Peter Mansbridge: OK. Edmonton, does that answer your question?
Corina Ganton: Yeah, thank you.
Peter Mansbridge: All right. Well, let's move on there. Our next question is right here in the studio. Go ahead.
Therese Taylor: Economic and population growth has been the paramount policies of our current government. And just in agreement with what you said, we have 5,800 people dying prematurely due to bad air in Ontario, one in five children acquiring asthma, and 22,000 Canadian women being diagnosed with breast cancer every year. Since health is the number-one concern of all Canadians, what will your party do to reduce pollution and these skyrocketing disease rates, particularly when you're going to allow voluntary compliance of industry emissions?
Peter Mansbridge: All right. Just before Mr. Harris answers the question, your name and where you're from?
Therese Taylor: Therese Taylor, and I live in Mississauga.
Jim Harris: Therese, that's a great question. First off, we aren't going to allow for voluntary compliance. The federal government had the absolute power to require higher fuel-efficiency standards for vehicles in Canada and chose not to. We would not do that. We have to meet our Kyoto targets, and heavy industrial emitters have been let off the hook, and all the responsibility has been put on individual consumers. That's unacceptable to us in the Green Party. Eighteen million kilograms of proven carcinogens, cancer-causing agents, are going to be released into our air and our water this year. That is unacceptable to the Green Party.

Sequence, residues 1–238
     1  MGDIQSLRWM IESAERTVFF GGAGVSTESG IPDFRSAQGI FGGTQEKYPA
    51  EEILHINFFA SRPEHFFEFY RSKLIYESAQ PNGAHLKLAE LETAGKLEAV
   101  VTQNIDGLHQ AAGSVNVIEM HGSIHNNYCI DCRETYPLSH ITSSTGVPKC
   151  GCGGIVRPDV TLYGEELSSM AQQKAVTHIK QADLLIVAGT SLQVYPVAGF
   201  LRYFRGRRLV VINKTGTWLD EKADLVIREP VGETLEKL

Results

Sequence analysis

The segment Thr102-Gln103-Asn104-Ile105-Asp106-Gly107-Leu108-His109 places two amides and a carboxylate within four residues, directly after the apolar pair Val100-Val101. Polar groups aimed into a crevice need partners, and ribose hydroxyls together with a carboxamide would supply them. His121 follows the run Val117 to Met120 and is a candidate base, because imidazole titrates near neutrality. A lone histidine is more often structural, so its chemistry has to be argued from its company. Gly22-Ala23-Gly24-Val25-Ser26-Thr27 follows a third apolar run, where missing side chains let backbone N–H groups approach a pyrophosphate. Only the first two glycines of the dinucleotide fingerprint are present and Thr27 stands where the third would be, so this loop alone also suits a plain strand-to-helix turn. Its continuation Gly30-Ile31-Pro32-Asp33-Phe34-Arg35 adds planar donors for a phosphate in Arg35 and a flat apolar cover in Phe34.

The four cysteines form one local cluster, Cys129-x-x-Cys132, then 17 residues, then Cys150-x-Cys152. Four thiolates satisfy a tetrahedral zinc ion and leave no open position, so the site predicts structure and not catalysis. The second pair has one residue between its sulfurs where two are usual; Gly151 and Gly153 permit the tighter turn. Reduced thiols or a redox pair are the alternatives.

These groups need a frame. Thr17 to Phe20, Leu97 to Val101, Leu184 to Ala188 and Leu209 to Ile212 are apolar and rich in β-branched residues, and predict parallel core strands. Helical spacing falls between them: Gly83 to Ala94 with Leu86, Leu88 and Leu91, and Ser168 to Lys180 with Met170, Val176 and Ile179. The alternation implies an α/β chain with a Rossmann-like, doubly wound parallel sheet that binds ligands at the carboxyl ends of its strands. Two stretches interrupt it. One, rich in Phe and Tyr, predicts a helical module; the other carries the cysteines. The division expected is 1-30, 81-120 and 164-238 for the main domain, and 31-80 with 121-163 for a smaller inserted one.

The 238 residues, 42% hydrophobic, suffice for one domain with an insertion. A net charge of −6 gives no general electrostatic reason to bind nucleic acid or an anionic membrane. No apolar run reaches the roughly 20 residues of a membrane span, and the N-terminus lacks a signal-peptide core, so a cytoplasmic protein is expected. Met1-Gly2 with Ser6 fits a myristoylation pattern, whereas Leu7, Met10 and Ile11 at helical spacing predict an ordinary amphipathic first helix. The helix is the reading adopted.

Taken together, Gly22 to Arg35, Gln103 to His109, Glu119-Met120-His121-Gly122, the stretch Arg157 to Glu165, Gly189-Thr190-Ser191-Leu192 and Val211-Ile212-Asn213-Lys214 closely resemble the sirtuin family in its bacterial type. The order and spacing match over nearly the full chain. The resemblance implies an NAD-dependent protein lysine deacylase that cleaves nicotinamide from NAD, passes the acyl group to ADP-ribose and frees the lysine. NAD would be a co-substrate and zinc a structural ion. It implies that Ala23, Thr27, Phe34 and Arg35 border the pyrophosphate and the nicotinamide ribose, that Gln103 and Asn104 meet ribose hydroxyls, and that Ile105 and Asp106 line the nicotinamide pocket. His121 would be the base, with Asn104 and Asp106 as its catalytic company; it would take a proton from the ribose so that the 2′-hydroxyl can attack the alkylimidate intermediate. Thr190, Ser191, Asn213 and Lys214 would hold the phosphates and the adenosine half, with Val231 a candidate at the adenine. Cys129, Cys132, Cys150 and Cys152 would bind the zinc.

Peter Mansbridge: Unacceptable. Does that mean you would force them not to do that?
Jim Harris: Absolutely. We would immediately reduce a large number of the most persistent toxins that are injected into our air and water every year, and require industry to move along with a very aggressive policy.
Now, what causes – here in Toronto, for instance – smog? We had more smog days this year than any other year on record, and what causes smog? Two simple things: coal-fired generation, electricity generation, and traffic jams. And what we would do is force, for instance, all taxis in Canada to be hybrids. And by the way, it saves taxicab drivers $1,200 every month, and it would save the taxi industry $5 billion over 10 years.
So when Mr. Martin says that Kyoto's going to cost us $10 billion, here one tiny little industry all on its own would save $5 billion. So we have creative solutions to deal with these problems. And we need to move from being the most energy-inefficient economy globally to the leader in energy efficiency.
Peter Mansbridge: That answer your question?
Therese Taylor: It does. Would you also consider banning drive-thrus and kiss-and-rides?
Jim Harris: Well, kiss-and-rides are actually a good thing because it encourages people to use the public transit system. You drop off your spouse and they get on the GO train or the public subway. So kiss-and-rides are actually a good thing.
Therese Taylor: I'm actually referring to the kiss-and-rides that are at all of our public schools.